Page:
The Times leader, March 13 2014
The capital is playing catch-up in the race to curb traffic pollution
London’s effort to persuade drivers to switch to electric cars with an £8 million network of charging stations has been a miserable failure. Almost no one uses them. Even so, Vincent Bolloré, a French billionaire, wants to invest £100 million in expanding the system and setting up a fleet of 3,000 electric rental cars to run on it.
Good luck to him. It is Mr Bolloré’s money and if one result of his investment is that more of those who already drive in London do so in zero-polluting vehicles it will help to improve the city’s air quality. There is, however, a more effective way of tackling this extremely urgent problem, both in the capital and the rest of the country. This is to speed up the electrification of two of the biggest polluters in Britain’s cities — taxis and buses.
Particulate pollutants, better known as fumes, cause cancer and respiratory illness on a scale that dwarfs the public health impact of traffic accidents and disproportionately affects the very young. A World Health Organisation study last year blamed air pollution for 29,000 premature deaths in Britain each year. It singled out London as one of the most polluted cities in Europe. Adding insult to injury, the European Commission threatened the capital last month with fines of up to £300 million for persistently failing to tackle its dangerously high levels of nitrogen dioxide, a pollutant blamed mainly on road traffic and linked to still births and poor cognitive development.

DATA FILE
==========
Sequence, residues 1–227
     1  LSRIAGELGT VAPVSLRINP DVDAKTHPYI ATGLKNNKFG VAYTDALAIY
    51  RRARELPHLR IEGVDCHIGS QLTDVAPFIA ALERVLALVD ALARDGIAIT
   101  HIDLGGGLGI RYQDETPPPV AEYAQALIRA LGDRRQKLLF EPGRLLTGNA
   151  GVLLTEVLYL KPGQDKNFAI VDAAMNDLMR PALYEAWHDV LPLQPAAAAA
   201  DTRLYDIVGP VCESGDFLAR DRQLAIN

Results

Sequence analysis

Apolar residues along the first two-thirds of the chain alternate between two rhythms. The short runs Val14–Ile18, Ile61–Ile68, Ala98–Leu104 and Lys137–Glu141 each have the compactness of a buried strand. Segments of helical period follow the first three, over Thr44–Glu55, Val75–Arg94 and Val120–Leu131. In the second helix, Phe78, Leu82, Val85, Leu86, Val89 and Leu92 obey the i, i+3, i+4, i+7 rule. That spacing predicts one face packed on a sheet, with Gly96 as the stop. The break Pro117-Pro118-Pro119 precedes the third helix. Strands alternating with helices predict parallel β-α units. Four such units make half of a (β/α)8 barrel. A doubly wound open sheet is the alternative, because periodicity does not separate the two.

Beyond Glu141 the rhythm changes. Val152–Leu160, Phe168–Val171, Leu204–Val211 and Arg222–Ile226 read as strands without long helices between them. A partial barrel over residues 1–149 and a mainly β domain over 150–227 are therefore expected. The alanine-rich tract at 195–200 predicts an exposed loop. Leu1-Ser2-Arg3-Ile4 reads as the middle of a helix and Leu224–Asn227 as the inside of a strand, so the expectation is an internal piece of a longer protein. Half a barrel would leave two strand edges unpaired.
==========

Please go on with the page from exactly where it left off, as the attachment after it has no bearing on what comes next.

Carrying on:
Boris Johnson’s efforts to cut London’s air pollution are in the right direction, but so far they are trifling compared with what is needed and what is being done elsewhere.
The technology exists to replace heavy duty, heavily polluting diesel engines with all-electric and hybrid propulsion systems, and other countries are seizing it. Over the past five years Britain’s Green Bus Fund has dispersed £88 million to help pay for 1,250 hybrid and battery-powered buses nationwide. Last week an order for 1,200 all-electric buses was placed by a single Chinese city.
The scale of the response in China is partly a result of its acute emergency, fuelled by a reliance on low-quality coal for power generation that is forcing millions to wear masks outdoors and keep children indoors. However, China’s rush to electric buses reflects an awareness of what can be achieved by focusing on transport fleets whose movements are predictable.
Fleet managers know how far and over which routes their vehicles need to travel each day, and where they will be every morning and evening. This vastly improves the feasibility of relying on batteries and hybrids. China’s own leading maker of electric buses, backed heavily by the American investor Warren Buffett, produces a single-decker vehicle sold worldwide with a 150-mile range between charges.
Transport for London maintains that this is not enough for most routes in the capital. It is relying instead on new hybrid Routemasters to make a reality of a central “ultra-low emission zone” by 2020. New London taxis are also required to be capable of running only on batteries by 2018, and five manufacturers are bidding for licences. The deadlines are unambitious and other cities and towns, including Coventry, Milton Keynes and Nottingham, are innovating faster with new charging methods. London claims to be leading the way to cleaner air. It is actually playing catch-up, and must speed up.